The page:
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☼Brief History of Islam☼

In or about the year 570 the child who would be named Muhammad and who would become the Prophet of one of the world’s great religions, Islam, was born into a family belonging to a clan of Quraish, the ruling tribe of Mecca, a city in the Hijaz region of northwestern Arabia.
Originally the site of the Kaabah, a shrine of ancient origins, Mecca had, with the decline of southern Arabia, become an important center of sixth-century trade with such powers as the Sassanians, Byzantines, and Ethiopians. As a result, the city was dominated by powerful merchant families, among whom the men of Quraish were preeminent.
Muhammad’s father, “Abd Allah ibn” Abd al-Muttalib, died before the boy was born; his mother, Aminah, died when he was six. The orphan was consigned to the care of his grandfather, the head of the clan of Hashim. After the death of his grandfather, Muhammad was raised by his uncle, Abu Talib. As was customary, the child Muhammad was sent to live for a year or two with a Bedouin family. This custom, followed until recently by noble families of Mecca, Medina, Taif, and other towns of the Hijaz, had important implications for Muhammad. In addition to enduring the hardships of desert life, he acquired a taste for the rich language so loved by the Arabs, whose speech was their proudest art, and also learned the patience and forbearance of the herdsmen, whose life of solitude he first shared, and then came to understand and appreciate.
About the year 590, Muhammad, then in his twenties, entered the service of a merchant widow named Khadijah as her factor, actively engaged with trading caravans to the north. Sometime later he married her, and had two sons, neither of whom survived, and four daughters by her.
In his forties, he began to retire to meditate in a cave on Mount Hira, just outside Mecca, where the first of the great events of Islam took place. One day, as he was sitting in the cave, he heard a voice, later identified as that of the Angel Gabriel, which ordered him to:
“Recite: In the name of thy Lord who created, Created man from a clot of blood.” (Quran 96:1-2)
Three times Muhammad pleaded his inability to do so, but each time the command was repeated. Finally, Muhammad recited the words of what are now the first five verses of the 96th chapter of the Quran - words which proclaim God to be the Creator of man and the Source of all knowledge.
At first Muhammad divulged his experience only to his wife and his immediate circle. But, as more revelations enjoined him to proclaim the oneness of God universally, his following grew, at first among the poor and the slaves, but later, also among the most prominent men of Mecca. The revelations he received at this time, and those he did later, are all incorporated in the Quran, the Scripture of Islam.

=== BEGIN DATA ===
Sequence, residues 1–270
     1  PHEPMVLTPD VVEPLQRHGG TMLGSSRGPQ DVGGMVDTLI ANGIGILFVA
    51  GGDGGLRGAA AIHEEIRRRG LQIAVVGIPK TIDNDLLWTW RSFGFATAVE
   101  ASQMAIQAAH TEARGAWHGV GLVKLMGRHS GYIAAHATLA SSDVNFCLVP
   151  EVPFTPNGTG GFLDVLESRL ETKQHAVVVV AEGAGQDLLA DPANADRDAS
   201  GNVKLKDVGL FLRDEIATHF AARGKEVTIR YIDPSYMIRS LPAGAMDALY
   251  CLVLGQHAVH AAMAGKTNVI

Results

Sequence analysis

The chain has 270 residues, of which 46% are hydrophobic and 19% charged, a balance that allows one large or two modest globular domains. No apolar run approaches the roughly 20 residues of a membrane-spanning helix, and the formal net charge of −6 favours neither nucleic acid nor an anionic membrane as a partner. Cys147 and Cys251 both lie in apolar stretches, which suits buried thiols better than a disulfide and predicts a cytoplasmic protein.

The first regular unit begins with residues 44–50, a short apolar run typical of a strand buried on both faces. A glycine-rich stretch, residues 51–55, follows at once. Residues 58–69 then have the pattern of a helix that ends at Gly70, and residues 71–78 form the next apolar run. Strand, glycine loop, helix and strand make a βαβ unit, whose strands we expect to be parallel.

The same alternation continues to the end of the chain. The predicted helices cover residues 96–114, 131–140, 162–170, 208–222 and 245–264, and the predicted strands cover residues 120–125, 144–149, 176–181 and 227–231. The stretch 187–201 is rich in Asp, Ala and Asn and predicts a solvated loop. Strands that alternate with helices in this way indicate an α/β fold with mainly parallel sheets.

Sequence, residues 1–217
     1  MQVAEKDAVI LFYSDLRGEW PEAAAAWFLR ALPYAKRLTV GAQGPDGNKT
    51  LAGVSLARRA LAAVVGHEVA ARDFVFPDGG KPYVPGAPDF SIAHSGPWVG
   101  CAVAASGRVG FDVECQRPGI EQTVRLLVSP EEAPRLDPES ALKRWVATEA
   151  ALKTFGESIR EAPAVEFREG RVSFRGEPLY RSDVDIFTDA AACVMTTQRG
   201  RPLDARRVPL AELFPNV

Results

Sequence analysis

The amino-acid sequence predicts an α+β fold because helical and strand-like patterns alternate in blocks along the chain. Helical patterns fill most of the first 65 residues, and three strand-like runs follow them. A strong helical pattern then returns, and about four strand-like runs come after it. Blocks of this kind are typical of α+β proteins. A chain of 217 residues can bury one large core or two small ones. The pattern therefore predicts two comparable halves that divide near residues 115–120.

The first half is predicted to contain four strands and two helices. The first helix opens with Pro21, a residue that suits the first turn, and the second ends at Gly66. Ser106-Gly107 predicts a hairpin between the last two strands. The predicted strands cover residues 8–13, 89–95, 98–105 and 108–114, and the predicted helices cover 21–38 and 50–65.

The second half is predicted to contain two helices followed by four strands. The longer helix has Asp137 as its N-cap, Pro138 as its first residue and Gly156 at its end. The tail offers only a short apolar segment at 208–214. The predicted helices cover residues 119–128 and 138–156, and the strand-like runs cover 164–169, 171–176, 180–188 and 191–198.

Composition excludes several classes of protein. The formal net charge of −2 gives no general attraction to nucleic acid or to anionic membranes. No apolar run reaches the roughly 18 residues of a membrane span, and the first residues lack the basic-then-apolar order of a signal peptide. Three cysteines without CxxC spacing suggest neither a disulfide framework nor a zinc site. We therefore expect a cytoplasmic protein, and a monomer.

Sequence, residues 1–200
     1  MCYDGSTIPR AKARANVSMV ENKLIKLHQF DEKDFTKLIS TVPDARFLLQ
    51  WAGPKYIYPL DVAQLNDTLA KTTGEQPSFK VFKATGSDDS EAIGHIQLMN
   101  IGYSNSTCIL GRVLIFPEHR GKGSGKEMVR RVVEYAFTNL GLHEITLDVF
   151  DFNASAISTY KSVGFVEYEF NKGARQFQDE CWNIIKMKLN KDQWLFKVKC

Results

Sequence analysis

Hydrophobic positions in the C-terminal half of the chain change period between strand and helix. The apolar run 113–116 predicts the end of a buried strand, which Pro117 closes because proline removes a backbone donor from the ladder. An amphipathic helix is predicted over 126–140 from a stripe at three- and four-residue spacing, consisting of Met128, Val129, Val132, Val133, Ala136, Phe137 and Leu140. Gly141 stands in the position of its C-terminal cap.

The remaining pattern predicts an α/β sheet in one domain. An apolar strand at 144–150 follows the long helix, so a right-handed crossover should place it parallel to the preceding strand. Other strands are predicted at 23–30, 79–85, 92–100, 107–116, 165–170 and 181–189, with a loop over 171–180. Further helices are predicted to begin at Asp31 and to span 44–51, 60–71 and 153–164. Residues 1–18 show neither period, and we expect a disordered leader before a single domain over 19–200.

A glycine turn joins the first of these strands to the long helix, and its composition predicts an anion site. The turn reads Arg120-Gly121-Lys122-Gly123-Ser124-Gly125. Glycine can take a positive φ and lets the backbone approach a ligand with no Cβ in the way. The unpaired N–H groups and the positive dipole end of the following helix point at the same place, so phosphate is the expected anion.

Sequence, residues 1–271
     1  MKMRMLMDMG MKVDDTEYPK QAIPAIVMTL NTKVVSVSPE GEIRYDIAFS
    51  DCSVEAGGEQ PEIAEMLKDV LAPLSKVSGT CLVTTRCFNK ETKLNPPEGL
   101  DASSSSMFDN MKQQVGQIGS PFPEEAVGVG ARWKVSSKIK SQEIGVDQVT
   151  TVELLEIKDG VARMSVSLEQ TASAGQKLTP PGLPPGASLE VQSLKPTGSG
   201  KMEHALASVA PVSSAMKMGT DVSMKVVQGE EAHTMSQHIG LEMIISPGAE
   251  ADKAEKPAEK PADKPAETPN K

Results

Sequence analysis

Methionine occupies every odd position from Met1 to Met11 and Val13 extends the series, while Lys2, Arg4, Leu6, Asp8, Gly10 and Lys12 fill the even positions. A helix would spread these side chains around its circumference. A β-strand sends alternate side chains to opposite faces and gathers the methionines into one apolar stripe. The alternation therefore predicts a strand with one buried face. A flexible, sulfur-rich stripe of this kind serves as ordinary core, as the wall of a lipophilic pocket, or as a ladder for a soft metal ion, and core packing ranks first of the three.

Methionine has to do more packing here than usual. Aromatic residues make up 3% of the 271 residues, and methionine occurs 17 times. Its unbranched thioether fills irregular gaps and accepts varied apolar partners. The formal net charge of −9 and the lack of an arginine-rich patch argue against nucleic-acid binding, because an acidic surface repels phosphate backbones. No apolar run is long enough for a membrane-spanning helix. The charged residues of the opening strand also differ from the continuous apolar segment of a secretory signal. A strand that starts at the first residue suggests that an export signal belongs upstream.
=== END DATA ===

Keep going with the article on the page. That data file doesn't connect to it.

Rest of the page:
Not everyone accepted God’s message transmitted through Muhammad. Even in his own clan, there were those who rejected his teachings, and many merchants actively opposed the message. The opposition, however, merely served to sharpen Muhammad’s sense of mission, and his understanding of exactly how Islam differed from paganism. The belief in the Oneness of God was paramount in Islam; from this all else follows. The verses of the Quran stress God’s uniqueness, warn those who deny it of impending punishment, and proclaim His unbounded compassion to those who submit to His will. They affirm the Last Judgment, when God, the Judge, will weigh in the balance the faith and works of each man, rewarding the faithful and punishing the transgressor. Because the Quran rejected polytheism and emphasized man’s moral responsibility, in powerful images, it presented a grave challenge to the worldly Meccans.

After Muhammad had preached publicly for more than a decade, the opposition to him reached such a high pitch that, fearful for their safety, he sent some of his adherents to Ethiopia. There, the Christian ruler extended protection to them, the memory of which has been cherished by Muslims ever since. But in Mecca the persecution worsened. Muhammad’s followers were harassed, abused, and even tortured. At last, seventy of Muhammad’s followers set off by his orders to the northern town of Yathrib, in the hope of establishing a news stage of the Islamic movement. This city which was later to be renamed Medina (“The City”). Later, in the early fall of 622, he, with his closest friend, Abu Bakr al-Siddeeq, set off to join the emigrants. This event coincided with the leaders in Mecca plotting, to kill him.
In Mecca, the plotters arrived at Muhammad’s home to find that his cousin, ‘Ali, had taken his place in bed. Enraged, the Meccans set a price on Muhammad’s head and set off in pursuit. Muhammad and Abu Bakr, however, had taken refuge in a cave, where they hid from their pursuers. By the protection of God, the Meccans passed by the cave without noticing it, and Muhammad and Abu Bakr proceeded to Medina. There, they were joyously welcomed by a throng of Medinans, as well as the Meccans who had gone ahead to prepare the way.
This was the Hijrah - anglicized as Hegira - usually, but inaccurately, translated as “Flight” - from which the Muslim era is dated. In fact, the Hijrah was not a flight, but a carefully planned migration that marks not only a break in history - the beginning of the Islamic era - but also, for Muhammad and the Muslims, a new way of life. Henceforth, the organizational principle of the community was not to be mere blood kinship, but the greater brotherhood of all Muslims. The men who accompanied Muhammad on the Hijrah were called the Muhajiroon - “those that made the Hijrah” or the “Emigrants” - while those in Medina who became Muslims were called the Ansar, or “Helpers.”